Wednesday, March 24, 2021

BOOK REVIEW: A Visitor's Guide to Victorian England by Michelle Higgs

 I received this book free from Netgalley. That did not influence this review.

Having read A Visitor’s Guide to Jane Austen’s England by Sue Wilkes, I was anxious to follow up with A Visitor’s Guide to Victorian England by Michelle Higgs. This uses the same construction of a guidebook of sorts to England for travelers (time travelers?) curious about daily life during a specific period in the past.

Higgs does not focus as much on the upper crust, but rather on the middle and underclasses. It also is a little less London focused. Otherwise, it similarly relates the typical foods, clothing, modes of travel, types of entertainment, and courting customs of the English. It doesn’t get into politics or economics. And it quotes from primary sources to support its observations.

Although it’s fairly dry reading, it contains a wealth of information—difficult-to-find information such as how much things cost and how long travel takes from one place to another. It’s a wonderful resource for basic information about life in Victorian times.

Saturday, March 20, 2021

BOOK REVIEW: Perestroika in Paris by Jane Smiley

 I chose Perestroika in Paris by Jane Smiley for my next European Reading Challenge book because of its setting in France. I could have used Band of Sisters, also set in France, but I didn’t think of it because the protagonists were so American. Besides, I wanted to read another book by Jane Smiley.

Many, many years ago, I read A Thousand Acres, a very deserving Pulitzer Prize winner. Then I read The Greenlanders, which I loved even more. But I didn’t find Private Life all that memorable and I didn’t like Moo at all, so I haven’t sought out her other books. But Perestroika in Paris sounded like something very different and I was curious.

Perestroika (called Paras) is a young racehorse, a jumper, from just outside Paris. One day, her groom inadvertently left the door to her stall open and Paras wandered out, just for a look around, and she kept looking until she ended up in Paris.

A thoroughbred alone in the big city should not have gone undetected, especially with the owners searching for her frantically, but Paras has a bit of luck. She is discovered by a stray dog, a German shorthaired pointer named Frida, who has been on her own since her owner disappeared (died). Frida leads Paras to a park where they can both hide away from people who might curb their freedom. A raven (Raoul) swoops down to offer advice. And they meet a duck couple, who also befriend them.

The novel describes the day-to-day life of these animals, mostly how they find food, but also their inner thoughts and vague yearnings. They do make contact with a few humans, shopkeepers who help them out, the caretaker of the park, but mostly they keep their distance. The humans are interesting but decidedly secondary in importance.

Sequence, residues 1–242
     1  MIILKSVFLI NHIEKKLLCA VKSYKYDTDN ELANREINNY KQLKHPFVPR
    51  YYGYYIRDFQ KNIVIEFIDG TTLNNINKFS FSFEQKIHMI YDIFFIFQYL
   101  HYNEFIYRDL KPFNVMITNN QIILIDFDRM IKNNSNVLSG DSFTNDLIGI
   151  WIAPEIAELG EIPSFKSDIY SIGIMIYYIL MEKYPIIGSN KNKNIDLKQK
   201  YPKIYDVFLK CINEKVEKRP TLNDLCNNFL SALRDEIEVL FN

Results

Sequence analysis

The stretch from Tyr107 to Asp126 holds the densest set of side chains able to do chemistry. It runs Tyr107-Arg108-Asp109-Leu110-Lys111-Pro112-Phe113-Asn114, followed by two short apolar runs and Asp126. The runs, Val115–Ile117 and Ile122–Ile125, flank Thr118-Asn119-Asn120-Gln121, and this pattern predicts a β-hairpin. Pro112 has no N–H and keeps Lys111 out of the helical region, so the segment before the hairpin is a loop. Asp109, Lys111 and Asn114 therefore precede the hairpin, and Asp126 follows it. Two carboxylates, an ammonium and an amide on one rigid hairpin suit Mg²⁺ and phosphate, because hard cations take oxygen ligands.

At the same time, there is an 8-year-old boy named Etienne who lives in an old mansion with his great grandmother. She is in her late 90's and is blind and deaf. Etienne is her only remaining family. She took care of him at first; now he takes care of her. They make occasional outings to the store, but are otherwise secluded in the house, hiding from do-gooders who would likely separate them.

In the winter, when the cold and lack of forage are beginning to be a problem for Paras, she meets Etienne. He invites her into the house, and a new phase in all their lives begins. 

The story is written in a fable-like manner. Very simply. Very quietly. Conflict is muted. The main looming problem is that Etienne’s great grandmother is coming to the end of her life, and no one knows what will happen next.

It is a sweet, soothing story, pleasantly written, but, unfortunately, a bit dull. 

Wednesday, March 17, 2021

BOOK REVIEW: Rhapsody by Mitchell James Kaplan

 I received this book for free from Netgalley. That did not influence this review.

I love biographical fiction. It was a gateway for me into my favorite genre: historical fiction. So Rhapsody by Mitchell James Kaplan was right up my alley.

The protagonist, Katherine Faulkner Swift, is an extraordinarily talented, classically trained pianist, who lives for her music. She does not come from wealth, but she moves in wealthy circles, primarily as a performer, providing background music for social events. It is at one such event that she meets James Warburg. The twenty-year-old son of a fabulously wealthy banker, “Jimmy” is a sensitive-seeming, handsome, ambitious charmer. Before long, they are an item. Despite his family’s objections, they marry.

Life as a society wife and mother is not satisfying for Katherine. She never wanted to be a mother. She misses performing. And worst of all, Jimmy is unfaithful. Repeatedly. He feeds her the tired excuse that it’s what men do, and none of the women mean anything to him. He even gives her permission to cheat, too.